Both those faces might be better looking than you are, for we generally find symmetrical faces more attractive. It also happens that symmetry and intelligence tend to run together, because both run with developmental stability. We may find symmetrical faces attractive because they imply the steadiness of genetic development, which creates valuable assets for choosing a mate, like better general fitness and, of course, intelligence - or as Mitchell might put it, a relative lack of stupidity.

These ideas don't strike geneticists as radical or contrary. A geneticist at Princeton University Leonid Kruglyak, who studies yeast and flatworms, noted that geneticists had long recognised that mutations could "throw sand in the gears of the brain" and that complex traits arose in complicated ways.

"Talking about 'a gene for a trait' is a shorthand at best," he wrote, "and a well-known fallacy at worst."

Mitchell agreed. "This isn't a brand new idea," he says. "But it's not one that has been generally adhered to in intelligence studies."

Not brand new, perhaps, but it's this kind of "inversion of thought" that can spark new approaches to intractable problems.

Dr Jay Giedd, who studies brain development at the US National Institutes of Health, has done research suggesting that the brain blooms through many small arcs of development that make it responsive to experience - and vulnerable to error. At first, he says, he was sceptical of Mitchell's idea. Then he discussed it with colleagues at a neuroscience meeting.

"My initial thought was that it would be easy to sink the argument," Giedd says. But the more they discussed it, the more sense it made. "Everybody I ran it by seemed to feel the logic is sound."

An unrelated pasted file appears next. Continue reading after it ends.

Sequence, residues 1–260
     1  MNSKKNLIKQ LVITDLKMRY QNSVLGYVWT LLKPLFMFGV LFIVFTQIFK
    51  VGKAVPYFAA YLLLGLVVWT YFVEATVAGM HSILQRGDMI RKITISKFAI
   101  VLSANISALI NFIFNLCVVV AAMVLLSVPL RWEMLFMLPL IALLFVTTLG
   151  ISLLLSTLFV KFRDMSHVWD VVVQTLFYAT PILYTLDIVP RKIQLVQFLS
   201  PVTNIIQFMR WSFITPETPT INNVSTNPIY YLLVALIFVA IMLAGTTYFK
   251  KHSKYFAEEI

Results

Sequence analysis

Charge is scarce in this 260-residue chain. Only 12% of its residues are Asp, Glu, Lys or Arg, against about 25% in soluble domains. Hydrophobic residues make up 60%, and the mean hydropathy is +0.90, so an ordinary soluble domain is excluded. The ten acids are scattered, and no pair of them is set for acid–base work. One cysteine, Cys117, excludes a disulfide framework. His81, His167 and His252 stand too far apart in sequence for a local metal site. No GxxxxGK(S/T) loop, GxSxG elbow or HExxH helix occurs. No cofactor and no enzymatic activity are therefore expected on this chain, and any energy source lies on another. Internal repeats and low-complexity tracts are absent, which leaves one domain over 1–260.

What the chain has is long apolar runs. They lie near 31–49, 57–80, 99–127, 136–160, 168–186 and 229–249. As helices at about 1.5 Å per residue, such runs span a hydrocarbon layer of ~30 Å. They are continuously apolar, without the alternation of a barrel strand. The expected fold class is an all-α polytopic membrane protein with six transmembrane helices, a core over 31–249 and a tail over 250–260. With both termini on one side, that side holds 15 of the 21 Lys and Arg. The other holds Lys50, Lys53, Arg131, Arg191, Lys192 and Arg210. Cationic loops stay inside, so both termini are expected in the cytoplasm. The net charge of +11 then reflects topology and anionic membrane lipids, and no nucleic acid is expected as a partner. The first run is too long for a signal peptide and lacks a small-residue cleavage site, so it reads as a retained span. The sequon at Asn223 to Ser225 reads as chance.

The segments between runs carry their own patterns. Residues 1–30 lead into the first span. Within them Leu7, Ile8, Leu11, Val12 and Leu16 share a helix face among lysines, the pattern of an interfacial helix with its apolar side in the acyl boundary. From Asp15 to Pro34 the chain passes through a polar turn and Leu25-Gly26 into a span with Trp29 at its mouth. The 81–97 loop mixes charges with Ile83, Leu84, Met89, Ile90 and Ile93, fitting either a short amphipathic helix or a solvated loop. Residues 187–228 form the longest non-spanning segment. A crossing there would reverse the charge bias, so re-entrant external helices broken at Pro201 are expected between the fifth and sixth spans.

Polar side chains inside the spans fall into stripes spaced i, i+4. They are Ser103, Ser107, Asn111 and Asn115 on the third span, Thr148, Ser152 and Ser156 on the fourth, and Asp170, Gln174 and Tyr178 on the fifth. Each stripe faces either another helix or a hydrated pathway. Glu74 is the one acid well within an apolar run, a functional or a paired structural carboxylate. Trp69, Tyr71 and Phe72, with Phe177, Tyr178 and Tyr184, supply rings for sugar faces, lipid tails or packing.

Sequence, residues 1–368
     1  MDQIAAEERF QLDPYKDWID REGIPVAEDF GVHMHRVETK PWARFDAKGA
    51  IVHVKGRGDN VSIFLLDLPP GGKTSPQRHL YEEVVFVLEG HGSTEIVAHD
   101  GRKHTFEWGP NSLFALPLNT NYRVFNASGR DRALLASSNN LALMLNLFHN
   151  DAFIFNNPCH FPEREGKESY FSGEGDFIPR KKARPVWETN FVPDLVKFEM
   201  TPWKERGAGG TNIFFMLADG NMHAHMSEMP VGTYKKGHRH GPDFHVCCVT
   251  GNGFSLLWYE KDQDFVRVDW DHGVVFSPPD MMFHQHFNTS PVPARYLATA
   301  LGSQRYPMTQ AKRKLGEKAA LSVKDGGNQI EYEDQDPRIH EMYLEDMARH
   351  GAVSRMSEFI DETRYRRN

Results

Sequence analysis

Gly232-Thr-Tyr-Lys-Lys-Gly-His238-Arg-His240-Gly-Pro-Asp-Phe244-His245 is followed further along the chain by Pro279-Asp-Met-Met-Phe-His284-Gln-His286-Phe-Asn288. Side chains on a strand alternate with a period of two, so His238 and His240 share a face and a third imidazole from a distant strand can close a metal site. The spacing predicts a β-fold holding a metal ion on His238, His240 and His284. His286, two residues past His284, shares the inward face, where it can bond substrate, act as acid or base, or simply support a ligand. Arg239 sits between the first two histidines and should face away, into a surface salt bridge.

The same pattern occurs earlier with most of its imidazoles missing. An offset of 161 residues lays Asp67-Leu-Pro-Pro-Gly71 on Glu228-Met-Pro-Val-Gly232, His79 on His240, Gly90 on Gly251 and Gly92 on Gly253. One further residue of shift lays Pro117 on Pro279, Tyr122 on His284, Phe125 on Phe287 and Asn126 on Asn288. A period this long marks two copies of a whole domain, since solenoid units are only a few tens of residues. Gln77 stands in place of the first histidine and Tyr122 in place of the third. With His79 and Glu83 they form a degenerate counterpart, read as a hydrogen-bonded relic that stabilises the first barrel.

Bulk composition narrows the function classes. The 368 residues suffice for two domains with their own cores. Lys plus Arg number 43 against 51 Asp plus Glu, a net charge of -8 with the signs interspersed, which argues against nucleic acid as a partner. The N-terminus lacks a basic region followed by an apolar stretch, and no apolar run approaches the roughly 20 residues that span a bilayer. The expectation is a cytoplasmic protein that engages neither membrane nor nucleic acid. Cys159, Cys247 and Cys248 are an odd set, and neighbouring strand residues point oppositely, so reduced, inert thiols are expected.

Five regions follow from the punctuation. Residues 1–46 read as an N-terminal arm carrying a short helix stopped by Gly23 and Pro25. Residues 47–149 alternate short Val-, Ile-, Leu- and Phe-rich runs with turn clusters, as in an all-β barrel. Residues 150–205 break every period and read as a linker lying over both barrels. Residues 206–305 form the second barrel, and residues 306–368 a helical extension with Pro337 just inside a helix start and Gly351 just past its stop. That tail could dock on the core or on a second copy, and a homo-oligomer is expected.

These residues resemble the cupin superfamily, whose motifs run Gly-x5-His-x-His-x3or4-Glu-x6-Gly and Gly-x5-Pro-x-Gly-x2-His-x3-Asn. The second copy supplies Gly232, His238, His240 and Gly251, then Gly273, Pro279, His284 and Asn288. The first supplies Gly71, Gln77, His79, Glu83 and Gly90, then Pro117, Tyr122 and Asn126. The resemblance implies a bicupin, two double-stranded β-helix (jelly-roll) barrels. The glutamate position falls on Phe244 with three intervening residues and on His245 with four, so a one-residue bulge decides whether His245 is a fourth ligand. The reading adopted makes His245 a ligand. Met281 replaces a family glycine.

Sunday, October 7, 2012

IQ linked to levels of happiness

This is to be expected when we realize that IQ is a measure of GENERAL problem solving ability.  High IQ helps with just about everything.  More speculatively, it is consistent with high IQ being one aspect of general biological good functioning

People with lower intelligence are more likely to be unhappy than their brighter colleagues, according to UK researchers.

Their study of 6,870 people showed low intelligence was often linked with lower income and poor mental health, which contributed to unhappiness.

The researchers are calling for more help and support to be targeted at people with lower IQs.

Their findings were published in the journal Psychological Medicine.

The researchers, at University College London, analysed data from the Adult Psychiatric Morbidity Survey in England.

One of the questions was: "Taking all things together, how would you say you were these days - very happy, fairly happy or not too happy?" People's verbal IQ was also assessed.

The highest proportion saying they were "very happy" was found in people with an IQ between 120 and 129 - 43% said they were very happy.